Researchers found some of the sex workers in Kenya produced the same 15 proteins that seemed to give them immunity to HIV.
"This group looked at the vaginal fluid of the women and said 'Well, they have something in the vaginal fluid that perhaps protects them against the virus,'" said Dr. Jay Levy, an AIDS researcher at UCSF.
For years, Dr. Levy's team has looked at women here in the U.S. with a specific white cell, which also protects them from the most common HIV virus.
Canadian and Kenyan scientists have followed 3,000 sex workers in Kenya for at least three years. For this study, they only focused on 39 women and found 10 were resistant to HIV.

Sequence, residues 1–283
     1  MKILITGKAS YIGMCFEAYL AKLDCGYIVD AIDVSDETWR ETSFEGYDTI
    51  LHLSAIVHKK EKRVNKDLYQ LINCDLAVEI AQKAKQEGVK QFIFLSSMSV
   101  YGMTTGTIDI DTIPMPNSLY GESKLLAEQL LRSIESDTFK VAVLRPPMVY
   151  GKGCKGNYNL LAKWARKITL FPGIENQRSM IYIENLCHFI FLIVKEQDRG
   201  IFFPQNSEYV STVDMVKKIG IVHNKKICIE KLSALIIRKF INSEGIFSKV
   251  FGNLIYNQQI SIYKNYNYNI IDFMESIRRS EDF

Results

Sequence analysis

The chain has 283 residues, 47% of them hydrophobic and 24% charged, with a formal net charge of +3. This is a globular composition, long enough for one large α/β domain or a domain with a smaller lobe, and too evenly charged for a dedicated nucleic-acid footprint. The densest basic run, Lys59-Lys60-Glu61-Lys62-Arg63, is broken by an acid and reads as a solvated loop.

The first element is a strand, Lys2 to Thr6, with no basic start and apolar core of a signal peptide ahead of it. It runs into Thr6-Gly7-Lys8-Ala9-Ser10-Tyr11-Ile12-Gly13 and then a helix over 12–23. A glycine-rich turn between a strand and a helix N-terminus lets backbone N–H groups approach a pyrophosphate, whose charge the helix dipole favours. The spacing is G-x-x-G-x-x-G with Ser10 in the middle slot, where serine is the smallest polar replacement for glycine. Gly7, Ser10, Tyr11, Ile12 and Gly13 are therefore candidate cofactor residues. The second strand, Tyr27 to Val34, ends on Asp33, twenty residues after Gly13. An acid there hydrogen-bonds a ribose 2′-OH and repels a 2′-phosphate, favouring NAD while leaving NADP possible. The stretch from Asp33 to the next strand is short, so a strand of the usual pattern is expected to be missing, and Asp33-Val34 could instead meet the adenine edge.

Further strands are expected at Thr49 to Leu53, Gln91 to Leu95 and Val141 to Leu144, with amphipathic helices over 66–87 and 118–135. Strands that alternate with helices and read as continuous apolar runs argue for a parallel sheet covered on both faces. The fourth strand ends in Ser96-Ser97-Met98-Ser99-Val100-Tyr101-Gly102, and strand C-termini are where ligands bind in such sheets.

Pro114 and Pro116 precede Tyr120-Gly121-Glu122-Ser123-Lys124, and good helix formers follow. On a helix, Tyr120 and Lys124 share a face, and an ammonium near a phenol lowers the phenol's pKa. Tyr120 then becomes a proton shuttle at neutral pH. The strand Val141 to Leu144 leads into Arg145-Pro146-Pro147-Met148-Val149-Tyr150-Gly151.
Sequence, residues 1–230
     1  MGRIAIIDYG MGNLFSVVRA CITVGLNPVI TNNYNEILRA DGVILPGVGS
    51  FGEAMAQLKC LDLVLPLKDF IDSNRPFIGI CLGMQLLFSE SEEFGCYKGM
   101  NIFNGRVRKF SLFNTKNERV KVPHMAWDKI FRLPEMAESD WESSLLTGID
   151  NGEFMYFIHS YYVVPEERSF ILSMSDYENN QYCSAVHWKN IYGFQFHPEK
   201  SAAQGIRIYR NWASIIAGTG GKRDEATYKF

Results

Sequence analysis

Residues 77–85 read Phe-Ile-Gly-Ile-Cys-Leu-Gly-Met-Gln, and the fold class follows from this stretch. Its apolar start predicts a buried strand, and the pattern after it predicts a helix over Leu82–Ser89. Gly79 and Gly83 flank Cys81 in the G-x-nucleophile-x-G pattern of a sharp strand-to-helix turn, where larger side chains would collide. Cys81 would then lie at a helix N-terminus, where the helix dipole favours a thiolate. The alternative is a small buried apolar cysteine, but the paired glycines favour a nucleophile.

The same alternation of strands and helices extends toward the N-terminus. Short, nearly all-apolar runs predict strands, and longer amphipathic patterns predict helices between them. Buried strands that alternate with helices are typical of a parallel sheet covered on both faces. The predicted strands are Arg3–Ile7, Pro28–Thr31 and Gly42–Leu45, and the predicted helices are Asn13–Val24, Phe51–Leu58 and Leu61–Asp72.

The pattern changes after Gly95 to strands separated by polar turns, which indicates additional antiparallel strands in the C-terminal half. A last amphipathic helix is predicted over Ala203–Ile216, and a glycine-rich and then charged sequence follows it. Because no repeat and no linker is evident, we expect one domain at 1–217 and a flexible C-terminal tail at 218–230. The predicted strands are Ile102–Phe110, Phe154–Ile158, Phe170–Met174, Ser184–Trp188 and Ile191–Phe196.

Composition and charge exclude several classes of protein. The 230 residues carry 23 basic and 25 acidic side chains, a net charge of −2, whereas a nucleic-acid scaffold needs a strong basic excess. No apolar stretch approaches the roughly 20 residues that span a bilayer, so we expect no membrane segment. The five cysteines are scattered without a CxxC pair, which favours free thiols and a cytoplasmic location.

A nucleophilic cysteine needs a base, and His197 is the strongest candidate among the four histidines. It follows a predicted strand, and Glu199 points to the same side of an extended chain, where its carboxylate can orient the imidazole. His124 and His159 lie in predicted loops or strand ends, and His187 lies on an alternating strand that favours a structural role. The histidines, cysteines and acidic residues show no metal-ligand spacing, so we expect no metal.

The study was published in the Journal of Proteome Research.
Because it was such a small study, researchers would like to see more sex workers participate in a larger study to give more validity to these findings.
"We have 15 to 20 new HIV infections in San Francisco every week, and over 7,000 infections globally every day and so we desperately need to identify new safe and effective prevention strategies," said Jonathan Fuchs M.D. with the San Francisco Department of Health.
Dr. Levy says the African study could help develop new methods to protect women.
"This would be a similar approach to what we call a microbicide -- something that kills germs," said Dr. Levy.
A microbicide is a gel or cream used by women to protect against sexually transmitted diseases. The study could also lead to other research that would replicate the high levels of these proteins in others.